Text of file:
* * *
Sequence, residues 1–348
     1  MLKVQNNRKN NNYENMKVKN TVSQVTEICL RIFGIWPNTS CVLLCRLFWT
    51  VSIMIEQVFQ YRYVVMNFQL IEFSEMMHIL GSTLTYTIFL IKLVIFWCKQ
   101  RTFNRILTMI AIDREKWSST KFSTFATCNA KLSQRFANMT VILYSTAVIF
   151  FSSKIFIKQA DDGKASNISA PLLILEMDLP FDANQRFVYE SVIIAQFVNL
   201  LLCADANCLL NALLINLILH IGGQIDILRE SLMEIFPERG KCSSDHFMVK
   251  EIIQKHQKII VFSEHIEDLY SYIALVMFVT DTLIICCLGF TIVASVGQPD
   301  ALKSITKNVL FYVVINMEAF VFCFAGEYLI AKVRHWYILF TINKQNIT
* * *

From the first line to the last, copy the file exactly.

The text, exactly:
Sequence, residues 1–348
     1  MLKVQNNRKN NNYENMKVKN TVSQVTEICL RIFGIWPNTS CVLLCRLFWT
    51  VSIMIEQVFQ YRYVVMNFQL IEFSEMMHIL GSTLTYTIFL IKLVIFWCKQ
   101  RTFNRILTMI AIDREKWSST KFSTFATCNA KLSQRFANMT VILYSTAVIF
   151  FSSKIFIKQA DDGKASNISA PLLILEMDLP FDANQRFVYE SVIIAQFVNL
   201  LLCADANCLL NALLINLILH IGGQIDILRE SLMEIFPERG KCSSDHFMVK
   251  EIIQKHQKII VFSEHIEDLY SYIALVMFVT DTLIICCLGF TIVASVGQPD
   301  ALKSITKNVL FYVVINMEAF VFCFAGEYLI AKVRHWYILF TINKQNIT